• The teacher would make their own copy of the Reading Log template.
  • Then they would create an assignment in Google Classroom and attach the Reading Log template from their drive.
  • The teacher should choose the option to “Make a copy for each student” so that each student gets their own copy of the Reading Log, named after the student.
  • The teacher can choose to set “No due date” or choose a date at the end of the grading period, school year, or summer.
  • When assigned, the students will now get their own copies of the Reading Log to fill out. The students should not click the “Turn in” button though, since the log will be an ongoing project.
  • The teacher can open and view the students’ individual Reading Logs anytime they need by opening the assignment, or by going to the assignment’s folder in their Google Drive Classroom folder.


Hopefully using a digital, online reading log will make it easier for students to track their reading and for teachers to monitor their progress. Also being able to set and track goals can help motivate the students to read more.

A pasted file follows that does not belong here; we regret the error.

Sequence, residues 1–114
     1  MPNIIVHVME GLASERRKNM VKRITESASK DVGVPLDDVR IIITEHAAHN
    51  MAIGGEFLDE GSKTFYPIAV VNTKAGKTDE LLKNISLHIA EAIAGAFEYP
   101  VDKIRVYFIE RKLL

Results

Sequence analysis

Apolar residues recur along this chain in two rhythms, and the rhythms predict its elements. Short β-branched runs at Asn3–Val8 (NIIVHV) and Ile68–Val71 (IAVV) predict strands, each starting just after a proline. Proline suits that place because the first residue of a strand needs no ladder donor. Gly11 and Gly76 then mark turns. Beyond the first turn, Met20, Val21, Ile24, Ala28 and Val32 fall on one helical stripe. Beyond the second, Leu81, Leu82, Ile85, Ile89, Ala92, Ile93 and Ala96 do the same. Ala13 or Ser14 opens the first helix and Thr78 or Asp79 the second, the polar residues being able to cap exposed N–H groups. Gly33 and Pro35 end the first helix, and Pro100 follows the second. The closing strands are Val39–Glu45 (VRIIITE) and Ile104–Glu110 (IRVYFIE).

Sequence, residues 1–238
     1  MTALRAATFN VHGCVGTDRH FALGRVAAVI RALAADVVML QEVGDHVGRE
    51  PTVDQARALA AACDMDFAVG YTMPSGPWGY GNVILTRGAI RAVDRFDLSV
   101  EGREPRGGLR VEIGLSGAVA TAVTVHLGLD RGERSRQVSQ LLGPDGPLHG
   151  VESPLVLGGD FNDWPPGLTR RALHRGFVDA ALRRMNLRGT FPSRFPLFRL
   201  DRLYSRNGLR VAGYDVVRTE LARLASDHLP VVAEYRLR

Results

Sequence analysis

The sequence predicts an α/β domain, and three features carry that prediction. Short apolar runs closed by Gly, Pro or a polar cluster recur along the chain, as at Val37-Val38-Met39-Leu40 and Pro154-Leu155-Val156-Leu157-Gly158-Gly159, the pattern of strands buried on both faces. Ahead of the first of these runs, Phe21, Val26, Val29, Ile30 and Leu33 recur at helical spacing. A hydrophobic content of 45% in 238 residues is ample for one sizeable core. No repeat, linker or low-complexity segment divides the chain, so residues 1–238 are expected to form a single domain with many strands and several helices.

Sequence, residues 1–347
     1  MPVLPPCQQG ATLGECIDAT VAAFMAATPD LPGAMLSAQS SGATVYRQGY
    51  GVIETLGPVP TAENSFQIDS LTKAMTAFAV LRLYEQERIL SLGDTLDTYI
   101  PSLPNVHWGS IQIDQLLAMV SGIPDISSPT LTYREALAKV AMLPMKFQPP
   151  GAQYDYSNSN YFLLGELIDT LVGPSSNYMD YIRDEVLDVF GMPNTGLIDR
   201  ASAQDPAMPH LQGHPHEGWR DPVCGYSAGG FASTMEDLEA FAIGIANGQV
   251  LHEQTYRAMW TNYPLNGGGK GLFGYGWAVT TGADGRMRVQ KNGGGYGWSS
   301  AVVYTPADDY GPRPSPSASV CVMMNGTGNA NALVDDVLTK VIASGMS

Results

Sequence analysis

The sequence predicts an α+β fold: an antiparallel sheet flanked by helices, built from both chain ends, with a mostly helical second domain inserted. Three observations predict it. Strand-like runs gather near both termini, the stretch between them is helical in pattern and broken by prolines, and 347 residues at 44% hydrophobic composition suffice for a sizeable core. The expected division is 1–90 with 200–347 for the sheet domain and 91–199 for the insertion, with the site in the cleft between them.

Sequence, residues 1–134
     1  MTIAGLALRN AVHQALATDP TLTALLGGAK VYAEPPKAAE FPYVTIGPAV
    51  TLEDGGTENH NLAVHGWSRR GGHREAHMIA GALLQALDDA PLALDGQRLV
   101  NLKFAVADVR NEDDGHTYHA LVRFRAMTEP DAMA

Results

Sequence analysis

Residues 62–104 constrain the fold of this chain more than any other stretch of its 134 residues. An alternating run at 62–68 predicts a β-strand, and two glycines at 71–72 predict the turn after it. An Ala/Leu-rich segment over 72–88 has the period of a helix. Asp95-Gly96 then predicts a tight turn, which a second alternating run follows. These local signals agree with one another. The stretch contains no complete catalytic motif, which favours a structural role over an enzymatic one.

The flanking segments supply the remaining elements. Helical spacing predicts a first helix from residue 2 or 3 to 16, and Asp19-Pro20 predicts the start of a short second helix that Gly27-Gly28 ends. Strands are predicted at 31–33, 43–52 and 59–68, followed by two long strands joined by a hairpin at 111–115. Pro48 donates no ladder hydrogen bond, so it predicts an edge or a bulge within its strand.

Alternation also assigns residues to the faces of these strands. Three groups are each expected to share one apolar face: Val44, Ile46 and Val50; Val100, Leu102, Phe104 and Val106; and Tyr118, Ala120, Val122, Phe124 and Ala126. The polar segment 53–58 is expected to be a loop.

Feel free to use my sample Reading Log with your students for Summer break, or a grading period, or the whole year. If you have any suggestions for improvements or other resources to share, please leave your thoughts in the Comment section below.

Post by Eric Curts. Bring me to your school, organization, or conference with over 50 PD sessions to choose from. Connect with me on Twitter at and on Google+ at


  1. Awesome!! Great for summer reading data and letting the student be in charge of his/her progress. Very helpful with teaching growth mindsets as well. Thank you!

  2. Thank you so much. I am going to share this with my ELA teachers.

  3. This is great, Eric! Thank you so much.

  4. I am sorry but I can not find the log tab to open the reading record sheet. Where should I be looking? thanks! All I can find is the Reading Log Goals sheet....thanks!